Come July, the tribes converge in the hills south of Lame Deer, Mont., for the July 4 Powwow, largest of the year on the Northern Cheyenne Reservation. This year our tribe assembled there too — we drove from Hays to rendezvous with our son, daughter and their families.
With hills and valleys blanketed in yellow clover, summer is simmering on the Rez. Ladies and gentlemen, start your drums — it’s powwow time!
The “powwow circuit” draws dancers, drums and concessionaires to a series of celebrations scattered throughout Indian country. Sufficiently skilled dancers can overcome the judges’ hometown bias and claim prize money to pay travel expenses.
We go to renew friendships, hike old haunts — and dance.
Somewhat resembling county fairs, powwows were part of the kids’ normal routine growing up on the Rez. We all embraced the jingling, pounding kaleidoscope of Grand Entry, powered by greasy fry-bread and starchy chokecherry pudding.
Sometimes, now as then, we just “walk around,” weaving through the tickle and rustle of feathered regalia as revelers leave their bleacher seats and lawn chairs, cruising around the bare circle between the covered arbor and the outer ring of concessions.
Wandering among the tents and tipis as the camp awakes at dawn, one senses a sublime calm, cool as dew, drifting on the mist. When the sunset finally glows, and the oppressive midday heat fades, the camp vibrates with renewed excitement. Dancers focus on their regalia, securely fastening the intricate components. (It’s “regalia,” too, not “costume” or “outfit.”) Soon they’ll join the festivities.
Our son and I are members of the Northern Cheyenne Gourd Dance Society. Gourd dancers’ regalia consists of a velvet sash, with a beaded cylinder at each end dangling from the waist; a bandolier of mescal beans hung over one shoulder and under the opposite arm; a long slender “blanket,” half dark blue and half red, draped across the shoulders, a beaded pendant pinned to the back; a feather fan; and a peyote rattle fashioned from a gourd.
In one Gourd Dance variation, men stand in a semicircle facing the drum, or the center of the arbor. Shaking the rattle and waving the fan, they dip and bob in place, matching their movements to changes in the drum’s cadence. Sometimes when the dancers are feeling frisky, they “holler,” uttering sharp cries such as “Hai! Hai!” in counterpoint to the rhythm. The rattling and hollering once served to scare away bad spirits, but nowadays it’s just a social thing.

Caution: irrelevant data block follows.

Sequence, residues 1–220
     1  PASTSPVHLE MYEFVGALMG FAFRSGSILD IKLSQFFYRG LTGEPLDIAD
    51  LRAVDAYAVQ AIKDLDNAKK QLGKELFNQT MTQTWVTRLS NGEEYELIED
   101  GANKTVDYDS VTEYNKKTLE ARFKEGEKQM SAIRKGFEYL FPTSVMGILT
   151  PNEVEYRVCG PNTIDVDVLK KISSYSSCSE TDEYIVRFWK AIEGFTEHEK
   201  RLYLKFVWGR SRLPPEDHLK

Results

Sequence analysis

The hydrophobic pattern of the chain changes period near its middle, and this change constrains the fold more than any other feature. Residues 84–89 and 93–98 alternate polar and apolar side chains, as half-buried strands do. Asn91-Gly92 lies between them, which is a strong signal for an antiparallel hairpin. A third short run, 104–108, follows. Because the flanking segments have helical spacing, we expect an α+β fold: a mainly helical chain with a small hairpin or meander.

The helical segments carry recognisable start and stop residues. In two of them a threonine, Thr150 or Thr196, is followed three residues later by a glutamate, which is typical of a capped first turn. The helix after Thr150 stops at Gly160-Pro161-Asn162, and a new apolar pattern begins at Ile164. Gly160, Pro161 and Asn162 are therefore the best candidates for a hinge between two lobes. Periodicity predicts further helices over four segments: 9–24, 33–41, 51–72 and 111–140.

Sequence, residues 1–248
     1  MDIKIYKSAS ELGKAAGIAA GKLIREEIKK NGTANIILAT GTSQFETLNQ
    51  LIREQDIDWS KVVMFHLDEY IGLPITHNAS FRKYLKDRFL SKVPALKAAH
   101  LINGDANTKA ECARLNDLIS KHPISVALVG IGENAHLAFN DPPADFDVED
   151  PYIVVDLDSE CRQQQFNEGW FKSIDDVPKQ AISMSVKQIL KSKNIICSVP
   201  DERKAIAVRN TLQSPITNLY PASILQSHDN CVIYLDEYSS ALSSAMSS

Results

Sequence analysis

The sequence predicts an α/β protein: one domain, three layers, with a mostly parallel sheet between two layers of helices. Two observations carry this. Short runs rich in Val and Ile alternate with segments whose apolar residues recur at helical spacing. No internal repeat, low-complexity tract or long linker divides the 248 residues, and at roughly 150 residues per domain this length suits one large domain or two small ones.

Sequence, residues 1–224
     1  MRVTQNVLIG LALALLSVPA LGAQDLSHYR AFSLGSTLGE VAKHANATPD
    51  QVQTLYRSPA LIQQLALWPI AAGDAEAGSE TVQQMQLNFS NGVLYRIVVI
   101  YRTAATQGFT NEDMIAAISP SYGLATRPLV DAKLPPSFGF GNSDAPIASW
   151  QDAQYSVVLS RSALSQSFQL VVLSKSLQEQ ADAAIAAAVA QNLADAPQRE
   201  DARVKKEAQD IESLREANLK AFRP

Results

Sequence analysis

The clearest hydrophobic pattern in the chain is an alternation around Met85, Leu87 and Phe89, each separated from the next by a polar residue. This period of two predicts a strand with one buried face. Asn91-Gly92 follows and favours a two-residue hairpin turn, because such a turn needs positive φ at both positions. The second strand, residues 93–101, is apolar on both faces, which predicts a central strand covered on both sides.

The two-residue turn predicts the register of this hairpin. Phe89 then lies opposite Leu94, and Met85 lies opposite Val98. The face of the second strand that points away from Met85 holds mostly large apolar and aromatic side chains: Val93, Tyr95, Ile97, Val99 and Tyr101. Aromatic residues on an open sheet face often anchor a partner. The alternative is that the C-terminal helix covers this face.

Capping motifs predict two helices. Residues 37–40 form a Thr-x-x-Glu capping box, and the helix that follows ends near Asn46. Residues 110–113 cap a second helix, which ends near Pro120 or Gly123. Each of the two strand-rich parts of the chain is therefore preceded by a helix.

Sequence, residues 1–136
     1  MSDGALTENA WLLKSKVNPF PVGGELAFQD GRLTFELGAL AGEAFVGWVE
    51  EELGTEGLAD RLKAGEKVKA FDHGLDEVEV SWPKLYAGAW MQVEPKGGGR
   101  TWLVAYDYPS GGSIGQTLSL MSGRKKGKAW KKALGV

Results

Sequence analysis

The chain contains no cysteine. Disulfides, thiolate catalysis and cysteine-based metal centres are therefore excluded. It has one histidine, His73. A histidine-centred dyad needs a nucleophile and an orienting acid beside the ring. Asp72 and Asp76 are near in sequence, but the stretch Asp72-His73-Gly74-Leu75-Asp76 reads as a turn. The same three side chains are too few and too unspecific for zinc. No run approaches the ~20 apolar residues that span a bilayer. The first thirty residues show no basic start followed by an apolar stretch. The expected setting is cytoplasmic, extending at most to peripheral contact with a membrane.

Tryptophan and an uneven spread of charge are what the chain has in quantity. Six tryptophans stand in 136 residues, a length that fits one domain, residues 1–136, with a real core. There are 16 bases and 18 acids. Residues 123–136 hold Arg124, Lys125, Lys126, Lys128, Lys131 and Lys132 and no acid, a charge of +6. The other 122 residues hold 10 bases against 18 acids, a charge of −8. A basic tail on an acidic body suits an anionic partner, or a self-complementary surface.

Women in shawls dance in their own discrete semicircle behind the men; it’s mostly a man-dance.
A Kiowa friend maintained that the Cheyennes invented the Gourd Dance; a Cheyenne told me the Kiowas did. The allied tribes were not rivals for the honor, apparently.
I lucked out this year, participating in three separate Gourd Dance “sets.” Temperatures approached 100, but one doesn’t feel the heat or much of anything else while Gourd Dancing. The choreography can be relegated to Cerebral Cruise Control and muscle memory.
A sort of trance ensues as we reflexively synch our movements with the drum. Even so, one has to be a tad alert for the three emphatic thumps signaling that the song is about to end. A good dancer will end his movements emphatically and precisely on the last note of the song.
Relatively few people join in Gourd Dancing, but “intertribals” are a different matter. The central arena fills with dancers, and it’s “y’all come, eyyyy!” Anyone can dance — even visitors in shorts and straw hats. Hauxwell womenfolk wear traditional shawls, though sometimes the grandgirls flaunt them in non-traditional ways.
Early in our Rez years, and somewhat to our surprise, our bashful-ish daughter readily took to dancing, beginning as a “little girls fancy shawl dancer,” eventually graduating to “traditional women’s dancer.” She wore beaded leggings and a bone-pipe breastplate with feathers and furs in her blond braids, carrying a beaded white buckskin purse. Now her only regalia is a fringed shawl.
Drums and singers are plenty loud, but the dancers themselves make quite a racket.
A few decades ago it was rare to see “jingle dancers,” but now they have their own dance category. Their satin dresses are decorated with rows and tiers of metal cones that clink and jingle when they move. Originally the jingles were made from the tin lids of snuff cans, rolled into shiny ornaments. (Yep, it took a lot of snuff cans.) Nowadays look-alike cones are sold commercially.
To complement the pulsing drums, men decorate their ankles with metal bells, or more traditionally, clusters of clacking, rattling “dew-claws,” those hard nubbins behind a deer’s hooves. Every stomp makes noise — and there are scores of dancers stomping.
Many old acquaintances wanted to talk medicine, as usual. I’d last spoken with Margie at the previous powwow. Distraught by her upcoming heart surgery, she had clutched my hands in an iron grip. This time she squeezed my hand warmly; the surgery succeeded.
“You sewed me up several times,” boasted a smiling young man I didn’t remember. We shook hands. He snickered when I replied “aw, man, I really messed up on your face, didn’t I?”
Another man proudly displayed his previously broken nose, which he claimed I had set and sewed. I took his word for it. Always glad to take credit for something that turns out well.
Jon Hauxwell, MD, is a retired family physician who grew up in Stockton and lives outside Hays.